I hope Betsy and the other children and grandchildren visit this site and do some grief talking...I can say for an assurance, that she will be missed because she was a part of my life. Something was planted in that short season of time and her memory is still with me after all these years....

I remember when I lost my father...the first major loss of my life and I still try to touch him and feel him. I see him often in the men I come across in my life after 6 years of being dead. He is in heaven with Jesus now and that always brings me comfort. But I miss him being in the world with me. I always felt "safe" because he was in the world. How I depend on God to fill that terrible void. My father has become larger than life now that he is gone. This week I spoke about him to a co-worker and I talked, and talked and talked. I'm so thankful that my co-worker didn't get "bored"..He let me talk allowing me to "get it out" if you will. When you lose a parent, you lose the model of what you thought "being an adult" would look like...You have to talk about it so you don't lose those precious memories and special moments. I like to talk about the values my father taught me with his life. He wasn't a big talker either. Now I can reflect on the things he wanted to teach me by how he lived his life. Isn't that the greatest message anyay? How you live your life? Isn't that what people remember?

You will be missed Cousin Lucille...and I pray for your family down here and me, and mommy too. Losing a parent is hard to go through...but God is faithful. He is always so faithful. There is no sorrow that "Heaven cannot heal".

Saturday, March 12, 2011

Charles Spurgeon Devotion Today, March 12, 2011 - I Belong to Christ

If you are Christ's let me advise you to do four things. You belong to Jesus—obey him; let his word be your law; let his wish be your will. You belong to the Beloved, then love him; let your heart embrace him; let your whole soul be filled with him. You belong to the Son of God, then trust him; rest nowhere but on him. You belong to the King of kings, then be decided for him. Thus, without your being branded upon the brow, all will know to whom you belong.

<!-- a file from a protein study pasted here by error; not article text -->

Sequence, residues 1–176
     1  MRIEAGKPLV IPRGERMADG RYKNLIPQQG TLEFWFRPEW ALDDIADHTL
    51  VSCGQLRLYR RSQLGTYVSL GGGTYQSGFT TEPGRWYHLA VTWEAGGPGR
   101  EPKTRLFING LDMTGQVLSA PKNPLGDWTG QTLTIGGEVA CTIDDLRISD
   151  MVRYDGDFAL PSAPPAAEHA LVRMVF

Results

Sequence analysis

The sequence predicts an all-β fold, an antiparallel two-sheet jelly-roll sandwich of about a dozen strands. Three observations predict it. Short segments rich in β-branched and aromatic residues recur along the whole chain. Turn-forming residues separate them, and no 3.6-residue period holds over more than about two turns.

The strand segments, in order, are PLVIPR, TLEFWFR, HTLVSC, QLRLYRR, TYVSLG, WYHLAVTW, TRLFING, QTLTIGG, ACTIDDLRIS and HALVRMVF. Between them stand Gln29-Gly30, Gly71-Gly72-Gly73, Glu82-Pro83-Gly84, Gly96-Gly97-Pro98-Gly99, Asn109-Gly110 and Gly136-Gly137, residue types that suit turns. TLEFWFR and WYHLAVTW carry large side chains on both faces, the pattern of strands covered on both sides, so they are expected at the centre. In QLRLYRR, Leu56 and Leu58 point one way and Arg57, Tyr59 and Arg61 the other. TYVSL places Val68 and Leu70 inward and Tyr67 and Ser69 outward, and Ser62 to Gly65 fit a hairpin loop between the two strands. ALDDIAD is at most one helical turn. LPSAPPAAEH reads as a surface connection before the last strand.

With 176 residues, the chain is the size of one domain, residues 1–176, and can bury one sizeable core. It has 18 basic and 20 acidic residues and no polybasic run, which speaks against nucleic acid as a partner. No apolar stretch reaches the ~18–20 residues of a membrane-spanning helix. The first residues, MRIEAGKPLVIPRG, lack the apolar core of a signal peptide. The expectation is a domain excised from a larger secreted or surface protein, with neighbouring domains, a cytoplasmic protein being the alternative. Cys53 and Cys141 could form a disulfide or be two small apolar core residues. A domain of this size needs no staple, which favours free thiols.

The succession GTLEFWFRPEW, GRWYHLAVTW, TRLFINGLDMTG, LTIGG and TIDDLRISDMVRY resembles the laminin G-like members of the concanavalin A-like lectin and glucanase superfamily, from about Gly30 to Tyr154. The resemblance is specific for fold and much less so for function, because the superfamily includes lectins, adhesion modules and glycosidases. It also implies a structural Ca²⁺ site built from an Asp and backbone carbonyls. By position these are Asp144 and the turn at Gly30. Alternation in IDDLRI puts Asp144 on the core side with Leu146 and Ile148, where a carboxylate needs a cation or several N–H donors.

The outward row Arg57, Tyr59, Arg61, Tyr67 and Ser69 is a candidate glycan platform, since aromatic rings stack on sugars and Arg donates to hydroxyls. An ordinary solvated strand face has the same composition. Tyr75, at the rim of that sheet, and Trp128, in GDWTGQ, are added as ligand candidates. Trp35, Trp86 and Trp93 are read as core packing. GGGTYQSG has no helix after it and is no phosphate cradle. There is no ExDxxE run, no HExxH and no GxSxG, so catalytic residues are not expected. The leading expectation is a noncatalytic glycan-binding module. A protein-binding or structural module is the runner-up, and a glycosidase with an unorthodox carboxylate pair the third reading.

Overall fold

From: wordlot674@hotmail.com
To: verindabirdsong54.lovethelord@blogger.com
Subject:
Date: Thu, 10 Mar 2011 13:20:23 -0500

A word of comfort from the great preacher, Charles Spurgeon (http://www.ccel.org)

 

"In my prosperity I said I shall never be moved."

Psalm 30:6

"Moab settled on his lees, he hath not been emptied from vessel to vessel." Give a man wealth; let his ships bring home continually rich freights; let the winds and waves appear to be his servants to bear his vessels across the bosom of the mighty deep; let his lands yield abundantly: let the weather be propitious to his crops; let uninterrupted success attend him; let him stand among men as a successful merchant; let him enjoy continued health; allow him with braced nerve and brilliant eye to march through the world, and live happily; give him the buoyant spirit; let him have the song perpetually on his lips; let his eye be ever sparkling with joy—and the natural consequence of such an easy state to any man, let him be the best Christian who ever breathed, will be presumption; even David said, "I shall never be moved;" and we are not better than David, nor half so good. Brother, beware of the smooth places of the way; if you are treading them, or if the way be rough, thank God for it.

 

If God should always rock us in the cradle of prosperity; if we were always dandled on the knees of fortune; if we had not some stain on the alabaster pillar; if there were not a few clouds in the sky; if we had not some bitter drops in the wine of this life, we should become intoxicated with pleasure, we should dream "we stand;" and stand we should, but it would be upon a pinnacle; like the man asleep upon the mast, each moment we should be in jeopardy.

 

We bless God, then, for our afflictions; we thank him for our changes; we extol his name for losses of property; for we feel that had he not chastened us thus, we might have become too secure. Continued worldly prosperity is a fiery trial.

 

 

"Afflictions, though they seem severe,

In mercy oft are sent."


 


Thursday, March 10, 2011